Trepang2, developed by Trepang Studios and published by Team17, is a gory, high octane first-person shooter, which is currently available exclusively on Windows PC, however, later this year there is a planned console release for both PlayStation 5 and Xbox Series X|S.
In Trepang2 you play as a soldier known only as “Subject 106”, who is a prisoner turned experimental super soldier, being held by an organisation known as Horizon Corporation. This organisation possess a powerful military and they appear to be performing bizarre experiments behind locked doors. A mysterious group decides to provide you assistance to escape this grim reality, and this will pose a serious challenge to you as your memory has been wiped. However, on the flipside, your combat abilities have been greatly enhanced beyond normal limitations due to the experiments, so you must now fight back and seek the truth.
When it comes to first-person shooters, one of the most important things to me is the gunplay. I’m not an expert in guns, but I’ve been an avid game player for almost my entire life and I feel like I’ve seen the good, the bad and the ugly of the genre. From my experience, Trepang2 is less of the bad and ugly, and more of the good. In my time playing Trepang2 I found that almost any gun was viable which means that whatever your playstyle, you’ll feel right at home, and you’ll have the freedom to experiment with different ways to approach each scenario that you are in. I really enjoyed using the shotguns in Trepang2, but I had equal amounts of fun running around with twin, or akimbo assault rifles, however, I think the most enjoyable development for me was akimbo shotguns with incendiary rounds.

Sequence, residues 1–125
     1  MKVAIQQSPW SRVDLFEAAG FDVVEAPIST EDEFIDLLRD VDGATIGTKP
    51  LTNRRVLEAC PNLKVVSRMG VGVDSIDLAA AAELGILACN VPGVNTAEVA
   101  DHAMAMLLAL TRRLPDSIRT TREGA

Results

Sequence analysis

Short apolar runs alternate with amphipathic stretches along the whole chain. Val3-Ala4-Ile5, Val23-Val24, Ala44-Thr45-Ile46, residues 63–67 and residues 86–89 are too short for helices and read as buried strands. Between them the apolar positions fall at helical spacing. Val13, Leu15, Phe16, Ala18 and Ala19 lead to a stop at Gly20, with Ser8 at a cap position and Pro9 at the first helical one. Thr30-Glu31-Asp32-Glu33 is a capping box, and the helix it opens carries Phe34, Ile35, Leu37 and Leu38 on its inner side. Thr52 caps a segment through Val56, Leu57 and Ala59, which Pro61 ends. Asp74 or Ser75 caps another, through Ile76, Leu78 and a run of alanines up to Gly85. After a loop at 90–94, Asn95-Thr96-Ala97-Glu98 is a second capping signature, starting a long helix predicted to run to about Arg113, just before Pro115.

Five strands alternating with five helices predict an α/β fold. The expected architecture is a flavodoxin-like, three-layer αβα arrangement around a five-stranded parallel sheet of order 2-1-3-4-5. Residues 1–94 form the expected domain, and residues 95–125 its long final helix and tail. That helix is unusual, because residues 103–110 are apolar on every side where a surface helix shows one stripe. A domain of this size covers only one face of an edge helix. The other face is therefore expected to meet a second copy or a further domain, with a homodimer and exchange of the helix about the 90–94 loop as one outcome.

With the multitude of weapons available, you also have some basic abilities to play around with. One of these is a “cloak” ability which allows you to move around for a few seconds undetected, which can be really handy for repositioning away from enemies in scary situations. You can also use this ability to take a more stealthy approach. The other ability that you have is “focus” which slows down time. This allows you a few precious extra seconds to dodge away from bullets, or help you aim a little bit better allowing you to hit that coveted headshot. Using the cloak ability you can so easily disassemble a squad of soldiers if used correctly. Generally I’d take on a fight, pick off one or two from a distance, then I’d use my cloak ability to get behind them and pick some off close quarters. No matter your playstyle, these abilities will come in handy at some point for you. Alongside this, there are numerous difficulty options that cater to just about anyone's skill level. I personally chose to play on hard mode as I’ve discovered a side of me that likes to suffer and be challenged in everything I do. Even on hard mode it was still manageable and didn’t pose much in terms of frustration for me. I’d like to go back and try it on the hardest difficulty just to test my skills.
Visually, Trepang2 was generally a dark, and drab experience. This isn’t a criticism. The darkness and eerie corridors create an atmosphere that felt right, and suited the mission at hand, and just increased the tension in every mission. I never truly knew how many more enemies were lurking around in the shadows. Alongside this, the darkness really aids the scripted horror portions that are present which really provide a great change of pace.
I was a big fan of Trepang2, the mechanics were all handled really well, the difficulty is fair and the game runs like a dream. There wasn’t a whole lot to dislike. It’s really nice to see quality first-person shooters being released, as I feel it's an incredibly popular genre that's fairly over saturated. It's also a genre where a select few large studios have the monopoly, and I feel that needs to change, so hopefully more competition rises up. Trepang2 plays and feels like a AAA title at most junctures, however, it was good to see, being from a small developer. And remember to keep an eye out for that console release later in the year.
Lj’s Rating: 4.5 out of 5.
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